The Role of Elders and Knowledge Keepers in BC’s Justice Reform

Strategy 21 of the BC First Nations Justice Strategy is dedicated to the inclusion and utilization of Indigenous knowledge systems, particularly those held by Elders and Knowledge Keepers, in the transformation of justice services and structures. This strategy emphasizes the necessity of grounding justice initiatives in culturally relevant frameworks that honour Indigenous laws, protocols, and community-based practices.

The BC First Nations Justice Council (BCFNJC) is deeply committed to Strategy 21 of the BC First Nations Justice Strategy, which emphasizes the vital role of Elders and Knowledge Keepers in reforming the justice system. This strategy is central to both Track 1, which focuses on reforming the existing system, and Track 2, which aims at supporting Nations in the rebuilding of place-based justice institutions and legal orders.

Indigenous Elders and Knowledge Keepers bring lived experiences and generational knowledge to the table, ensuring that justice initiatives are not only culturally appropriate but also deeply rooted in Indigenous laws and teachings.

By establishing the five steering committees BCFNJC aims to embed these cultural pillars within the justice framework, ensuring that their advice and perspectives are integral to the strategy’s implementation.

This inclusive and respectful integration of Indigenous knowledge and those who hold it, exemplifies the transformative potential of Strategy 21, setting a precedent for justice reform that is both culturally grounded and community-centric.

The BC First Nations Justice Council’s Steering Committees bring together teams of experts and changemakers in the field who hold direct knowledge and experience regarding distinct areas or “bundles” of work under the Justice Strategy.

BCFNJC Steering Committee Members were honoured through a blanketing ceremony during the 3rd Annual Justice Forum in Vancouver, BC from April 8th to 10th, 2024. Each Steering Committee focuses on supporting one of the five core areas of work under the Justice Strategy which include: Indigenous Justice Centres Services; Gladue Services; Indigenous Women’s Justice Plan, Youth, and Education; Policing, Oversight and Accountability; and Corrections, Diversion, and Community-Based Justice Programming. These committees also foster important, collaborative relationships with partners in the Province. Colleen Spier, the Assistant Deputy Minister of the Indigenous Justice Secretariat under the Ministry of the Attorney General, holds a seat in each Steering Committee, facilitating dialogue and action across ministries.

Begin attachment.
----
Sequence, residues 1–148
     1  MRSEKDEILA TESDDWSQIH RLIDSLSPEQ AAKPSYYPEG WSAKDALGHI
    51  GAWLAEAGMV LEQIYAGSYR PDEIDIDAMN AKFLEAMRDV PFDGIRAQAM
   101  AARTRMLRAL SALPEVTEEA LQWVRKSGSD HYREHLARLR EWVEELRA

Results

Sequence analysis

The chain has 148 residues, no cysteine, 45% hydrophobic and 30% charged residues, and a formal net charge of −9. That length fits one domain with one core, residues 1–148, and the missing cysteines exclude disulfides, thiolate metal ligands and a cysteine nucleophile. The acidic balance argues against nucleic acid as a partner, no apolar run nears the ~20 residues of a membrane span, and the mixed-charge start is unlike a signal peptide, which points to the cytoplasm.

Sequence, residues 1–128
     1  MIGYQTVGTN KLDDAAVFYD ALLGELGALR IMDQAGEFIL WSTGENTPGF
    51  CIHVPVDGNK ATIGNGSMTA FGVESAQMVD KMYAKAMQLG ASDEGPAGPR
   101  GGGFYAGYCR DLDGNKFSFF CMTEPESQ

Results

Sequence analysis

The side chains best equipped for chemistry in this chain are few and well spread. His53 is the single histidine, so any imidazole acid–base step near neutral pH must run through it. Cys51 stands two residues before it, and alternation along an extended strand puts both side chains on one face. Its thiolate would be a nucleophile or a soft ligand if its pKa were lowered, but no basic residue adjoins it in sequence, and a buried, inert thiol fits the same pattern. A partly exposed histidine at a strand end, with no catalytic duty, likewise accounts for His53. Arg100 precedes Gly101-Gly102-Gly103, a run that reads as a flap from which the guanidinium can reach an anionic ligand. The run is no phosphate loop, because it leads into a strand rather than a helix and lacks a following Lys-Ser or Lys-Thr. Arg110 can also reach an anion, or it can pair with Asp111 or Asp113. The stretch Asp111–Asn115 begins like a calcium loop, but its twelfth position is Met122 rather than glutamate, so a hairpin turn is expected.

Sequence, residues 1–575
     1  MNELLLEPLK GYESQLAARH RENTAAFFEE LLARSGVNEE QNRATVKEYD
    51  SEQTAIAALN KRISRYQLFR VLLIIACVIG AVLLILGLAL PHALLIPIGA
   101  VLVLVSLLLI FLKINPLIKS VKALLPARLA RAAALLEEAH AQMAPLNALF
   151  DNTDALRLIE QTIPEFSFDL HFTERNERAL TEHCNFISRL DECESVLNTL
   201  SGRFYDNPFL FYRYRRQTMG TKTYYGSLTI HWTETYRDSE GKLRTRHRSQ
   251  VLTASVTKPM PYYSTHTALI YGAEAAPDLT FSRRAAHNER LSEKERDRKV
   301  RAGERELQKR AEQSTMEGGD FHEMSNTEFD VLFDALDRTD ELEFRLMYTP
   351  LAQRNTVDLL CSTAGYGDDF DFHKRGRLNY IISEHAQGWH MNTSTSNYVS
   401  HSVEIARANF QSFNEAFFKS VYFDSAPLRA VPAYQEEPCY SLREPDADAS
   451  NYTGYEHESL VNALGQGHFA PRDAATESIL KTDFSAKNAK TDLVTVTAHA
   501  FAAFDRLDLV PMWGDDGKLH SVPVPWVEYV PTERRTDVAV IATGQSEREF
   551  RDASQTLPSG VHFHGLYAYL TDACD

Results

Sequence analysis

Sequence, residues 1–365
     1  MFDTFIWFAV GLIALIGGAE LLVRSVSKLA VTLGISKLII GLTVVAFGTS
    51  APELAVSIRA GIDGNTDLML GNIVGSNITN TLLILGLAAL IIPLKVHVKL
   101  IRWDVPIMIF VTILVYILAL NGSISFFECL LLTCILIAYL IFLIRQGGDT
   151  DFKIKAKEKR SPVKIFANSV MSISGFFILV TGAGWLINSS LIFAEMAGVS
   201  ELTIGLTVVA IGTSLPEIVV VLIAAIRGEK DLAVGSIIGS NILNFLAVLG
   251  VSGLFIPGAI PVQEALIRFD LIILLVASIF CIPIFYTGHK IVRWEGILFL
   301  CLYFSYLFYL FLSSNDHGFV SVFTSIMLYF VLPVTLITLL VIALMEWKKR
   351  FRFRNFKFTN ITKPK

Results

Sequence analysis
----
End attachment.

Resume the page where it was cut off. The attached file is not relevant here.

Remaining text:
“Our Steering Committees are here to challenge us and help us grow. Holding valuable insights and external connections that extend past our organization and into the community, will raise important questions and help us make the difficult decisions as we expand our justice services for Indigenous people across BC. They will not only help us advance the Justice Strategy effectively but in ways that truly honour and respond to the needs of the 200+ First Nations in BC that BCFNJC holds a mandate to.” continued Amanda Carling. “With the support of the Steering Committees, our unprecedented justice work can continue to unfold in BC, watched by other provinces and by the federal government who can learn from and use the Justice Strategy as the framework for action.”

Moving forward, BCFNJC will continue to expand the Steering Committees and collaborate with them on important ongoing work, including the expansion of our Indigenous Justice Centres and the development of a new legal aid model for Indigenous people.